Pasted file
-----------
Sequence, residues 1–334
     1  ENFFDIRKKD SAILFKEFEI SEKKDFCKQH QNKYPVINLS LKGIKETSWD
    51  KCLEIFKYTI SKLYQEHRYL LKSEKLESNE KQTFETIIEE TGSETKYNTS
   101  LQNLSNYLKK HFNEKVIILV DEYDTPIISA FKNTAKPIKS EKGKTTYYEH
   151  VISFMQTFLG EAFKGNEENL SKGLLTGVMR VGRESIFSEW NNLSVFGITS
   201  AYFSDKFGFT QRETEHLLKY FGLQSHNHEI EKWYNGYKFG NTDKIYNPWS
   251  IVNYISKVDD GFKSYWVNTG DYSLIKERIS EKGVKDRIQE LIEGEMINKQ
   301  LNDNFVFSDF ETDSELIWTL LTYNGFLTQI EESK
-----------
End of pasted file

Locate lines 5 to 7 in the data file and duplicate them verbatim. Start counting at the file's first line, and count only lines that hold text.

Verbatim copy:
   151  VISFMQTFLG EAFKGNEENL SKGLLTGVMR VGRESIFSEW NNLSVFGITS
   201  AYFSDKFGFT QRETEHLLKY FGLQSHNHEI EKWYNGYKFG NTDKIYNPWS
   251  IVNYISKVDD GFKSYWVNTG DYSLIKERIS EKGVKDRIQE LIEGEMINKQ